Here’s a list of some of our favorite local boutiques. So next time you need a cocktail dress or some wow-me shoes, grab this and think unique and boutique instead of “mall.” And if those pesky boutique price points scare you, don’t worry, most of the stores are more affordable than you think — and even boutiques have sales.

Alligator Purse Sophisticated and edgy contemporary women’s clothing. 2701 Erie Ave., Hyde Park, 513-871-6171, shopalligatorpurse.com.

Amy Kirchen Boutique High-end clothing and ready-to-wear from this local designer. 125 Main St., Milford, 513-238-1391.

Arte Nouvelle Clothing, jewelry and accessories from unique designers. 3445 Edwards Road, Hyde Park, 513-841-2783.

Cha Cha’s Paintings, jewelry, apparel, vintage and accessories. 3156 Linwood Ave., Mt. Lookout, 513-533-9111.

Chez Renee European clothing boutique for women. 8181 Camargo Road, Indian Hill, 513-271-2689.

Couture Couture Contemporary women’s clothing boutique. 1315 Main St., Over-the-Rhine, 513-421-8900.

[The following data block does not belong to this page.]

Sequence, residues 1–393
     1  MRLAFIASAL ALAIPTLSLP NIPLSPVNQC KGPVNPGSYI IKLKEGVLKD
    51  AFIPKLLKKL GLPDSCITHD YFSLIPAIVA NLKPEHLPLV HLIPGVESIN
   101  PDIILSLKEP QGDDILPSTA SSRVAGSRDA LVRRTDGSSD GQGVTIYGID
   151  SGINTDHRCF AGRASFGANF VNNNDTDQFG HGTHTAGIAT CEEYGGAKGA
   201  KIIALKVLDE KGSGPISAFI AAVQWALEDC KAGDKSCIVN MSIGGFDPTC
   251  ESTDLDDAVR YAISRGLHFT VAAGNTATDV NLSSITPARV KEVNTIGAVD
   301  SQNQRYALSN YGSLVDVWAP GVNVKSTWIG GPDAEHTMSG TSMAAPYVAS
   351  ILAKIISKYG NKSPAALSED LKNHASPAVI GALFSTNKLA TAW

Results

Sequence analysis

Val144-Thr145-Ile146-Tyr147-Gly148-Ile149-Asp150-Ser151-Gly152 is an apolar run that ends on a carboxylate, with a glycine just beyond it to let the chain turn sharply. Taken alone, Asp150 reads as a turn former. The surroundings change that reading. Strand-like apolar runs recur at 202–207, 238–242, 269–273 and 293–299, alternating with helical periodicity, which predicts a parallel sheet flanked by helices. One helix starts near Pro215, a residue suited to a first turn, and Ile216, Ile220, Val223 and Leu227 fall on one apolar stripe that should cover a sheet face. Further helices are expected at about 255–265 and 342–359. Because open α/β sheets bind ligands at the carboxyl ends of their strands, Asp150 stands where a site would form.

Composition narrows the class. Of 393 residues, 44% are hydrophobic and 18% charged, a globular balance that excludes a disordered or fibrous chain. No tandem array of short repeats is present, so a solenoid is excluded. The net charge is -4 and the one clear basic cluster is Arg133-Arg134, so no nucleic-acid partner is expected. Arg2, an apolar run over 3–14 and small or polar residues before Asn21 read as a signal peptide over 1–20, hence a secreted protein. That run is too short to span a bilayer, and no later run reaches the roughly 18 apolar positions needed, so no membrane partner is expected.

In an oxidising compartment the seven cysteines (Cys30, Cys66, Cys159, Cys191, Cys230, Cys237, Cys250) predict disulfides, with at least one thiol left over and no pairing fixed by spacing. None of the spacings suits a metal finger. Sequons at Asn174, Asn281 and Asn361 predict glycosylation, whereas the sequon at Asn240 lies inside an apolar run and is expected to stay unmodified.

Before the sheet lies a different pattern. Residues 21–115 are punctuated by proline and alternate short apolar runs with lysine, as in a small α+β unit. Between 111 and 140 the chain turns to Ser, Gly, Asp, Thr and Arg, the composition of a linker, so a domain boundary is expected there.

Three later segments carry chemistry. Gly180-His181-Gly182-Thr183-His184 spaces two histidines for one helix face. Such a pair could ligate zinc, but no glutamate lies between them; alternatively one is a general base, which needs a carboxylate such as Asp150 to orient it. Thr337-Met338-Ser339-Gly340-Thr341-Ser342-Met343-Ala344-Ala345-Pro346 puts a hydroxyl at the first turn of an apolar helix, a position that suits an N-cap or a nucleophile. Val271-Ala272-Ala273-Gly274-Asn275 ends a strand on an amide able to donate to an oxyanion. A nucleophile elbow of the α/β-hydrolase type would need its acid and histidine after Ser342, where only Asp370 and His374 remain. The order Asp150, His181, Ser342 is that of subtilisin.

Curvy Cuties’ Boutique Trendy, affordable plus-sized clothing and accessories — new and gently used. 740 Lila Ave., Milford, 513-248-2878.

Fabricate Store/gallery hybrid featuring unique handmade and upcycled art, crafts, clothing, beauty products and more. 4037 Hamilton Ave., Northside, 513-407-6057.

Fetish Fashionable clothing, jeans and accessories. 3451 Erie Ave., Hyde Park, 513-321-0004.

HighStreet The award-winning design studio also offers women’s clothing and accessories. 1401 Reading Road, Downtown, 513-723-1901, highstreetcincinnati.com.

Kate Latest designer fashions, accessories and gifts for women and girls. 2732 Erie Ave., Hyde Park, 513-871-8333.

Kennedys Unique vintage-inspired shoes, accessories and handbags. 7129 Miami Ave., Madeira, 513-271-9888.

Kismet Eclectic women’s clothing and accessories — including shoes. 2037 Madison Road, O’Bryonville, 513-871-78879.

Khakis Brands like Vineyard Vines, Lilly Pulitzer, Jack Rogers, Southern Tide, Milly and many others. 3434 Edwards Road, Hyde Park, 513-871-1212.